So, your dog can fetch a ball, eh? Or mostly. Okay, sometimes. Maybe she’ll get the ball, but you have to practically beg her to bring it back. Or he’ll bring it back, but doesn’t understand that dropping the ball is the key to playing more fetch.
Not to worry. Wherever your dog falls on the “fetch-pertise” scale, the point is that fetch is a great way to build a connection with your pet and give your dog a little excitement, exercise, and mental challenge. And even if your dog earned a perfect 10 in the Fetch Olympics, there are still plenty of toys out there that can add more fun to the game.
If your dog hasn’t quite mastered the fetch game, here are a few tips to increase his learning and mastery:
You’ve thrown the ball, but your dog’s looking at you like you just told the worst dad joke on the block. Your first goal is to get your dog interested in the ball itself.
Your first goal is to get your dog interested in the ball itself.
You might smear it with a little peanut butter, show it to her, and then throw it a short distance. When she goes after the ball, let her lick it for a moment, take it away, and give her a treat. Continue this process, throwing the ball a little further each time.
Your dog seems satisfied with running in the direction of the ball, but then his ADHD kicks in, and he’s like, “Huh?” Time to incorporate a second ball (or toy of your choice). Again, add a smear of peanut butter to encourage your dog to pick up the ball once he finds it. When he does pick it up, give him a “good dog,” show him the other toy, and toss it in the opposite direction.
Your dog may or may not bring the first toy with him, but he’ll know he needs to come back toward you after finding the ball. And eventually, he should bring it with him.
If your dog comes back with the ball, but wants to play keep-away instead, offer her a treat. Usually, she’ll drop the ball in favor of food.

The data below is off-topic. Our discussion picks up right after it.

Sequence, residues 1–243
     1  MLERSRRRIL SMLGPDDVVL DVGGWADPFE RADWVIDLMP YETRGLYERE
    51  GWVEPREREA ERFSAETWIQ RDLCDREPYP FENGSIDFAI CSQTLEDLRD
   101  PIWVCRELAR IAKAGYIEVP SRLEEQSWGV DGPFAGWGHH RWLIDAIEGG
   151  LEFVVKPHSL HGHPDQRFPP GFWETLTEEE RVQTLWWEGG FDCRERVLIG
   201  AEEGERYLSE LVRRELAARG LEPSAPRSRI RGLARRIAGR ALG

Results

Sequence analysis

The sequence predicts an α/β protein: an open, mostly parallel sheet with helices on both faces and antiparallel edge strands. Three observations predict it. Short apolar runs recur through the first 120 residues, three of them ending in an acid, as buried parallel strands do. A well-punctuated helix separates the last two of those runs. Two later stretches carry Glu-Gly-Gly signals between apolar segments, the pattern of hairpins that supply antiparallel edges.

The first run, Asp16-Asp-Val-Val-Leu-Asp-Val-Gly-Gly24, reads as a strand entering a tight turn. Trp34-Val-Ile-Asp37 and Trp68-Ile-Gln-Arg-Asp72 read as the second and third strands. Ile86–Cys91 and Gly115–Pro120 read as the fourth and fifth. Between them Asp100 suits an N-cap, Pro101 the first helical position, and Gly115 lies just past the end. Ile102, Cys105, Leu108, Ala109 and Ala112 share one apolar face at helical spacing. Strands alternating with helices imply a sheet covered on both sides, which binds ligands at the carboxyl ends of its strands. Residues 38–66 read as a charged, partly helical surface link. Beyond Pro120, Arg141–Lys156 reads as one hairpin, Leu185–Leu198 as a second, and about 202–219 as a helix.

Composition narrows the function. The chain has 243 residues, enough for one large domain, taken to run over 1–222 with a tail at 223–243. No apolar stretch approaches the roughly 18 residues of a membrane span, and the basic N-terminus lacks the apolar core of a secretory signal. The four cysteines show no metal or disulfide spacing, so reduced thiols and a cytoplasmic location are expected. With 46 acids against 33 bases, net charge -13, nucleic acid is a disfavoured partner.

If your dog comes back with the ball, but wants to play keep-away instead, offer her a treat.
If, on the other hand, your dog won’t come all the way to you, then back up, tell her to “bring it” or “come,” offer a treat when she arrives, and throw the ball again. This will teach her to associate dropping with a new game of fetch.
Dos & Don’ts
- Do try to find out what motivates your dog most. He may enjoy certain types of balls over others, or frisbees or sticks instead of balls.
- Do look for good spots for fetching. You might look for a wide-open field or an area with a creek if your dog likes to swim and fetch. Your dog will come to associate this area with fetching and know it’s time to get his game on.
- Don’t play keep-away with your dog. This creates confusion and inconsistency in the training process and basically muddles your teaching efforts.
Mix It Up
Whatever your dog’s fetching skills, you might incorporate a few toys or accessories to keep her on her toes, keep her head in the game, or better understand her point-of-view.
If your dog enjoys a little tug-of-war with her fetch, this toy offers the best of both worlds. It’s durable for heavy play, and makes a great chew toy when you’re not tossing it back and forth. $14.97
If you’re done throwing balls long before your dog’s ready to quit, the iFetch will keep the game alive and give you a needed break. Drop a ball in the opening, and iFetch will spit it out moments later. You can even teach your dog to drop the ball into the shoot if he wants another turn, allowing him to play on his own. It’s available for large or small dogs, and can run on an electric plug or batteries. $113.73
Enjoy a game of fetch from your dog’s point of view with this GoPro camera harness. You can attach the camera to your dog’s back or chest for two different perspectives. The harness can fit dogs ranging from 15 to 120 pounds, and it’s designed with your dog’s comfort in mind. This may be the closest you can get to hopping inside your dog’s super excited, fetch-loving head. $39.95
The point of fetch, of course, isn’t perfection, but a love of the game. It may seem like your dog’s favorite pastime, but it’s his favorite game with you. He loves the interaction, the opportunity to impress you, and the chance to run and run and run. Anything you can do to enhance the fun from time to time amounts to pure love, as far as your dog is concerned.
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